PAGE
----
About 2 days after that raid on Saipan our carrier force tangled hair with the N*ps and I lie to you none when I say THEY GOT MORE THAN THE 325 IN A SINGLE DAY that they told the newspapers for sure.
BOY, AM I GLAD I’M ON UNCLE SAM’S SIDE!
Tininan is easily in range of Saipan and I’d say about 4 or 5 miles—and every night the damn J*ps would try and send reinforcements to Saipan and boy! We sure knocked them cold.
The J*ps at night would swim out to our ships at anchor, and come up the anchor chains with hand grenades, and if they got aboard, you can see what a mess they make. Dirtying up our decks with their blood. We stopped them before they got that far. Machine guns would spray death every time one was even close to our ship. Men were always posted at night around the ship, looking for just that sort of thing.
(Note: This morning the Associated Press reported that American forces have attacked Tinian Island. Marines have won beachheads and mopping up is proceeding.)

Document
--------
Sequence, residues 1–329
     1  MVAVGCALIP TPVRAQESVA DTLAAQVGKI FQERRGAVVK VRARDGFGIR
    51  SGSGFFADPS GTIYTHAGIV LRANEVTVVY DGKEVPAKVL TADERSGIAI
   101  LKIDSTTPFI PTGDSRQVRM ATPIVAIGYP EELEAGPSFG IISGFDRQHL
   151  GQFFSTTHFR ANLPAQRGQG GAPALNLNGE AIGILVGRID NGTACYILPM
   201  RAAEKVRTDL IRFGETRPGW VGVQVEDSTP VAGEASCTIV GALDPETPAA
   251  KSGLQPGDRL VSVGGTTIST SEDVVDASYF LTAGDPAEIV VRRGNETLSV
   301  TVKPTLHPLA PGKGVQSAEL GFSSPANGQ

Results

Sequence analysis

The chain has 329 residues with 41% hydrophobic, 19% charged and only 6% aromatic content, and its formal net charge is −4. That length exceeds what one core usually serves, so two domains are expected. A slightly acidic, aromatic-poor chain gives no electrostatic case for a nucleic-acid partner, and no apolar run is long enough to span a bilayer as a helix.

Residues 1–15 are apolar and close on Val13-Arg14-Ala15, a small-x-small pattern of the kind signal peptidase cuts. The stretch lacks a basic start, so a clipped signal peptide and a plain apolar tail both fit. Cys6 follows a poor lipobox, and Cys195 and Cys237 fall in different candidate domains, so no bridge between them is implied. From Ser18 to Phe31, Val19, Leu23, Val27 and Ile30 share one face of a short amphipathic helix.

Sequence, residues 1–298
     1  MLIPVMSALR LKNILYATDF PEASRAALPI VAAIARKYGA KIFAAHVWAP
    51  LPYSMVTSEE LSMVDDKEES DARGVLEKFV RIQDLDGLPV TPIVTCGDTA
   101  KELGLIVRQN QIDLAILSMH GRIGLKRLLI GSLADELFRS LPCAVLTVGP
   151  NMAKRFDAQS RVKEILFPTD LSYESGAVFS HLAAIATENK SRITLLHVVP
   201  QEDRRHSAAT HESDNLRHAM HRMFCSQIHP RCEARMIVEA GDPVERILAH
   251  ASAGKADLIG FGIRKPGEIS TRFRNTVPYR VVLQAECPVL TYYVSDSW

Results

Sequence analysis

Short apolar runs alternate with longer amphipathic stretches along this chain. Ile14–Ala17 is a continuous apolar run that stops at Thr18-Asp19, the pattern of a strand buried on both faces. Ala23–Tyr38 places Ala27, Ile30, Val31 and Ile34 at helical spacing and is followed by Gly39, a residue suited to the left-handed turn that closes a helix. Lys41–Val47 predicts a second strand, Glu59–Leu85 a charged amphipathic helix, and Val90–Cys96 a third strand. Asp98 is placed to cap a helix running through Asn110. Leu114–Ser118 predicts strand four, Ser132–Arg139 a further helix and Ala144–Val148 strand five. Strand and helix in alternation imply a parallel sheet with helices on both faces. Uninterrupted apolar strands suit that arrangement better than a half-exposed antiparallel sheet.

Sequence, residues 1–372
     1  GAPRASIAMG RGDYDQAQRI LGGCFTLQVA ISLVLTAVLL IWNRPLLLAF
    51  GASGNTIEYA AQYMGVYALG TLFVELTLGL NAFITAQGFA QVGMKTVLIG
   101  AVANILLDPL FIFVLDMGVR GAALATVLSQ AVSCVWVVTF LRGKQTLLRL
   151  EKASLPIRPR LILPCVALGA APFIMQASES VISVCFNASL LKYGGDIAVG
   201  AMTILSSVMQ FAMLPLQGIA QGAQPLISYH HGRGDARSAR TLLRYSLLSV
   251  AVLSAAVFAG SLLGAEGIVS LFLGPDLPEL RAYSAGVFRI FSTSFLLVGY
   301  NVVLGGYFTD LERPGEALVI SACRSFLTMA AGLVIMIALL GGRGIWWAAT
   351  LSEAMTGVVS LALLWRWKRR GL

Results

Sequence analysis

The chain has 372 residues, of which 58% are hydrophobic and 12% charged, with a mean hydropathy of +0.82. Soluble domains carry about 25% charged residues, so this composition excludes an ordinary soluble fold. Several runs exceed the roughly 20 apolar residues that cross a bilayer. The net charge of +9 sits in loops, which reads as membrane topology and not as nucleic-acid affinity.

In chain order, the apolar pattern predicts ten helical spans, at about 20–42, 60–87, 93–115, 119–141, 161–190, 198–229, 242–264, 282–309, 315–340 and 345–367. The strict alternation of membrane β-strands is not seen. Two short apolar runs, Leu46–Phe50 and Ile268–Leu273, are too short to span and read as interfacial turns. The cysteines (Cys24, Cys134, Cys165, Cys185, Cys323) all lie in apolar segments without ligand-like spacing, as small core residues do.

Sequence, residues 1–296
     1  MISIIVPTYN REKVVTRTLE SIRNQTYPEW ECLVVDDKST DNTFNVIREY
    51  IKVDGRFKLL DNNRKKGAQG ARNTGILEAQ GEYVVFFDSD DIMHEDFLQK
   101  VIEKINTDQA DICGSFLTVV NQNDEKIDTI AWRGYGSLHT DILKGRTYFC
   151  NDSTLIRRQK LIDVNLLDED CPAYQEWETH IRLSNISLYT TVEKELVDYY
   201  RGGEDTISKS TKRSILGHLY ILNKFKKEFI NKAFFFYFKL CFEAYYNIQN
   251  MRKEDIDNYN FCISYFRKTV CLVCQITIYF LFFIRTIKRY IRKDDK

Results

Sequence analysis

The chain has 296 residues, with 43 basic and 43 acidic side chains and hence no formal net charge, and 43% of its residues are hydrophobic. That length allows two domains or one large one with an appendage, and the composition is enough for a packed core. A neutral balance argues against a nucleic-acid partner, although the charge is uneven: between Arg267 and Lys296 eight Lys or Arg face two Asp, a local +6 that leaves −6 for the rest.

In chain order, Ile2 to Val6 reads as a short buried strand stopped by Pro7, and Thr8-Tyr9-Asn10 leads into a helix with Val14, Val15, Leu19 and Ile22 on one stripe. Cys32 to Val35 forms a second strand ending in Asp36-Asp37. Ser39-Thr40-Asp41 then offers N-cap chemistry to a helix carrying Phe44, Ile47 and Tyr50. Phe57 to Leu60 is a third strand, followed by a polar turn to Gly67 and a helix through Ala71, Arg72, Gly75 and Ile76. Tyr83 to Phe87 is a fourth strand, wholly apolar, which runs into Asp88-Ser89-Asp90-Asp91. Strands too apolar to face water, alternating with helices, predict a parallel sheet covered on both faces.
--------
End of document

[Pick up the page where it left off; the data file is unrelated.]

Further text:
The J*ps tried sneak attacks now and then with their dwindling air fleet. Describing one of them, Masuen wrote:
Boy, what a sight! Tracers were everywhere in the sky. An airplane couldn’t ever expect to get through that barrage. Once we got north of Truk, it was a very interesting trip.
“Well, everybody, I’ve earned a star to wear on my campaign bar, and I am now so-called ‘Salty.’ I came out of this invasion okay.”

 

I sincerely hope you enjoyed this trip back into time as much as I did.  Reading my grandfather’s words made me feel like I was there with him. I cannot for the life of me imagine what our young men and women went through during this time, or what it was like for those courageous young men fighting in battles like the fight for Saipan  my grandfather endured.  For me it was moving and emotional.  I loved my grandfather and still do. In my humble opinion this was and still is one of America’s greatest generations.  The way the country came together and stood tall, united as one is something that shall never be forgotten and is something I believe this great country of ours needs a lot more of.  To all those who fought in WW2 I say thank you for your bravery and courage.  This young man will never forget your sacrifices and will always be grateful.